champagne anarchist | armchair activist

Data

Has Google Maps found a way to have its cake and eat it

PL Takbuurt

Not interesting: P.L. Takbuurt

Google Maps are for transportation; Apple Maps are more of an advertising channel, I tweeted a while ago. That was based on a fascinating analysis by Justin O’Beirne, who found, among other things, that Google Maps show far more rail and underground stations, while Apple Maps show far more restaurants and shops.

However, things may have changed in a way. The CityMetric blog of the New Statesman reports that Google has been adding orangey areas to its maps. As Google explains, they represent areas of interest:

Whether you’re looking for a hotel in a hot spot or just trying to determine which way to go after exiting the subway in a new place, areas of interest will help you find what you’re looking for with just a couple swipes and a zoom.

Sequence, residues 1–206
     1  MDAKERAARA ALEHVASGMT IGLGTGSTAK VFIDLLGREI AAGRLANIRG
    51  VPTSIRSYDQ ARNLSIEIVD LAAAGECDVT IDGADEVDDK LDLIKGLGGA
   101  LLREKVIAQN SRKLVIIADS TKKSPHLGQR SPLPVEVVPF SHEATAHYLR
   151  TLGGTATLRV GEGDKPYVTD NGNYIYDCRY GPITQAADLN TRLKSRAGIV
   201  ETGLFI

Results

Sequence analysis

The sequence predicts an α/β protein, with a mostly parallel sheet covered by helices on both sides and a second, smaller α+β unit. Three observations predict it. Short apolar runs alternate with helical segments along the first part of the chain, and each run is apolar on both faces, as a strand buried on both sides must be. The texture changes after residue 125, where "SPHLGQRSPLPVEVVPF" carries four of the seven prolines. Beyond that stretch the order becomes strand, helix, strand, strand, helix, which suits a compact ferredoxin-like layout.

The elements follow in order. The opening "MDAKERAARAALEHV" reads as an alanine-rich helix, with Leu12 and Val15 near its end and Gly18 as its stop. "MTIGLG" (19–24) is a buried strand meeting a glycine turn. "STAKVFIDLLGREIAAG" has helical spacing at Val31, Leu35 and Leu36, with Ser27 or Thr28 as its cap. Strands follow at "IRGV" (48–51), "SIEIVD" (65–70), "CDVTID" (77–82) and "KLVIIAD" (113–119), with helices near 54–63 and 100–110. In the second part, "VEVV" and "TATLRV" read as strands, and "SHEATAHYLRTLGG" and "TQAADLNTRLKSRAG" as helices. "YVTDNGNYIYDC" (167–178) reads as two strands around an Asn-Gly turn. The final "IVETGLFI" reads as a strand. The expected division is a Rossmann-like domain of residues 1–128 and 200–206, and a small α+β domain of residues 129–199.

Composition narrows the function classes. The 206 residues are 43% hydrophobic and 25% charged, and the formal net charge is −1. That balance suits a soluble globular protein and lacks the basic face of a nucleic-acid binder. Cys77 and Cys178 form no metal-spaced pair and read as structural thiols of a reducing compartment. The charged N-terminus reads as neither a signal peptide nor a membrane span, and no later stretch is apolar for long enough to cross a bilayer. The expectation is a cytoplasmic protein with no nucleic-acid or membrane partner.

We determine areas of interest with an algorithmic process that allows us to highlight the areas with the highest concentration of restaurants, bars and shops. In high-density areas like NYC, we use a human touch to make sure we’re showing the most active areas.

Assuming they haven’t sacrificed any stations, this suggests they have found a way to have their cake and eat it: remain useful for transportation purposes while adding marketing opportunities.

However, CityMetric writer John Elledge is not impressed by Google’s algorithm to identify areas of interest. He argues that «an algorithm that thinks Trafalgar Square is less an area of interest than the restaurants across the road is not fit for purpose».